The underground Edinburgh has been put to good use. The Edinburgh Dungeon will give full bang for your buck (or your £15): tourist groups are led through the underground maze, where they get a glimpse of Scotland’s darkest history with the gracious help of some foul-mouthed actors with an attitude. Such a hilarious tour! Not recommended for the most thin-skinned amongst us – Karens need not apply.

Restaurant Tip: MUMS Great Comfort FoodIMG_20190727_212839

While in Edinburgh, we ate a little bit of this and a little bit of that, but there was one restaurant that deserves a special mention: MUMS Great Comfort Food serves exactly what the name suggests, tasty comfort food which is excellent value for your money. We spotted the place by accident while strolling by, and on the early Saturday evening we needed to queue for about half an hour to get a table. I’m actually surprised we didn’t have to wait longer than that. We wined and dined well, and while our final check included ten items, the total only came up to sixty quid. The delicious munchies and the cozy retro decoration were great, but the true draw of the place is its amazingly friendly staff. The wait staff always had a twinkle in their eye and a smile on their face no matter how busy it got.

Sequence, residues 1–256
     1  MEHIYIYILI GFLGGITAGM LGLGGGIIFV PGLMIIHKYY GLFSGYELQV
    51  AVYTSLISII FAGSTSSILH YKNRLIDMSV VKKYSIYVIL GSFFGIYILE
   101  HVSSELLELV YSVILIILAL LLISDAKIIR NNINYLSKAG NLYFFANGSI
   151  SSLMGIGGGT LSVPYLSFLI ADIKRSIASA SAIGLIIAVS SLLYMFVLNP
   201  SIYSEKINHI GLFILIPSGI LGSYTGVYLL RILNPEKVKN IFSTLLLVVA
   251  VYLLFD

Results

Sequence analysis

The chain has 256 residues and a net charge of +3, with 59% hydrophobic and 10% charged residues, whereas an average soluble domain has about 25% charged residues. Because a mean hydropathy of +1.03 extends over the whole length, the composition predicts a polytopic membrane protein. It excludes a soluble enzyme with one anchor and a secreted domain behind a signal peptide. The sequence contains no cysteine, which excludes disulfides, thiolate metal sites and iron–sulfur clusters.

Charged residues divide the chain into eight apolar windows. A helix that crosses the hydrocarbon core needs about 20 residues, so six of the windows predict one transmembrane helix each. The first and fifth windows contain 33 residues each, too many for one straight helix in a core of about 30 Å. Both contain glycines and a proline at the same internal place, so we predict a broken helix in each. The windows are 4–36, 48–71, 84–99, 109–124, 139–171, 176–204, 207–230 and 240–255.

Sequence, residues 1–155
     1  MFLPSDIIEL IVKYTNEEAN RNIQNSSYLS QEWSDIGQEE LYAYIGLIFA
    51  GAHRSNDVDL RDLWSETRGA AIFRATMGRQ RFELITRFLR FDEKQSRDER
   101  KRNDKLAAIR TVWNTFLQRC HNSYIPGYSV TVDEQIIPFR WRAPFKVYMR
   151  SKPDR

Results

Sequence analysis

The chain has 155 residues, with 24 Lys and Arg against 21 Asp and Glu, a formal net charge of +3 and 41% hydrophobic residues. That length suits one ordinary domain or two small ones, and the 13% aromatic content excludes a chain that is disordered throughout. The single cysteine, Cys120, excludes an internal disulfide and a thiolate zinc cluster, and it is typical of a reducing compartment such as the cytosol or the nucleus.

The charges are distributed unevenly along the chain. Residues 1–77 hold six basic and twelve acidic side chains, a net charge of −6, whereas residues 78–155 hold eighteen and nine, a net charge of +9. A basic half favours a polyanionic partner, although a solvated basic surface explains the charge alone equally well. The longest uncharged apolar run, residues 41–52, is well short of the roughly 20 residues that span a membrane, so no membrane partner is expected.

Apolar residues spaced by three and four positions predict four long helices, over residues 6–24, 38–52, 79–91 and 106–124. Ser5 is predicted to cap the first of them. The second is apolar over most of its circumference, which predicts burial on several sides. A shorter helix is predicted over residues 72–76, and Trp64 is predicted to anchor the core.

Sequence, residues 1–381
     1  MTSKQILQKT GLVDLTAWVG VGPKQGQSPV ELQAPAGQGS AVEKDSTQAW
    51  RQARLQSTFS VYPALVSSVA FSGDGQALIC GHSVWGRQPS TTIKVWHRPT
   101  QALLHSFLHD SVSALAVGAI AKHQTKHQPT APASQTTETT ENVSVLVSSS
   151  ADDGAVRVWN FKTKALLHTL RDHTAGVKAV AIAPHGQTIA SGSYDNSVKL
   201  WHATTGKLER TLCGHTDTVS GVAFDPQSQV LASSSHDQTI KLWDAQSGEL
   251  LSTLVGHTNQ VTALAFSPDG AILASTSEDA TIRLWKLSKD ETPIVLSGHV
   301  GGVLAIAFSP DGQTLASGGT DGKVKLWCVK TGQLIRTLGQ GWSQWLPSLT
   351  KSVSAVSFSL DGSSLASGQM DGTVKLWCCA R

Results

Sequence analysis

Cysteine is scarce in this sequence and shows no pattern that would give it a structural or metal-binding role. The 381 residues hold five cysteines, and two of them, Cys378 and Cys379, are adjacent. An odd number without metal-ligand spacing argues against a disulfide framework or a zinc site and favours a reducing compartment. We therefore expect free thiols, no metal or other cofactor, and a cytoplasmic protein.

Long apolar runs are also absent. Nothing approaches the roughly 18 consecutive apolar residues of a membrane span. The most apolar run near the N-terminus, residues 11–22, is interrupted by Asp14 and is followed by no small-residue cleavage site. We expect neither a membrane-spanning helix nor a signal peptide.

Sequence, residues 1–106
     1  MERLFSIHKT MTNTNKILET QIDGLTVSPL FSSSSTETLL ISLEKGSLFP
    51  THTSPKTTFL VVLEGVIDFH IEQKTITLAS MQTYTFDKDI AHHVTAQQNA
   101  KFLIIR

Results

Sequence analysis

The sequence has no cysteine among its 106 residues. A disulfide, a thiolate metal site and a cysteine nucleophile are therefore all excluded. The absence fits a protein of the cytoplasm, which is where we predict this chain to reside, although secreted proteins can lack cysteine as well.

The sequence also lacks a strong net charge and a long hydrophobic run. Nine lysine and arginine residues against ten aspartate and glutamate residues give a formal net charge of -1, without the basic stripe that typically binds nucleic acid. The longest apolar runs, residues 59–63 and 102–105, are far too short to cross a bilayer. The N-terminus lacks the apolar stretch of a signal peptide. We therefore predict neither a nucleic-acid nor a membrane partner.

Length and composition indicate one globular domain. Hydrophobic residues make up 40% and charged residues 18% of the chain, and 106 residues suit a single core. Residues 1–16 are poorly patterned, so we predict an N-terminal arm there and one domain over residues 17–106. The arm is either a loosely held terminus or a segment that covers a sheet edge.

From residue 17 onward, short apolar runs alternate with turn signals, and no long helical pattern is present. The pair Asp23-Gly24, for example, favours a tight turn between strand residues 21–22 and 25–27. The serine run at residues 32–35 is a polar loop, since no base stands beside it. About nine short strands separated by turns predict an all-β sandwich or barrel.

Unfortunately, the people seated in the table next to ours must have had escaped from some kind of a rehab centre for entitled arseholes or whatnot. I didn’t quite catch what exactly their problem with the food was, but even after the waitress had canceled the whole check for their entire group of six (!), these jerks kept berating her on their way out. That’s when we decided to pay our own check by card, gave all the paper money we had left as a tip and said it was for the excellent service. It wasn’t much, but it was meant as an encouraging gesture. The response we got still warms my heart: “I knew I was gonna cry tonight, but I didn’t expect them to be happy tears.” I may or may not have teared up, myself, as well.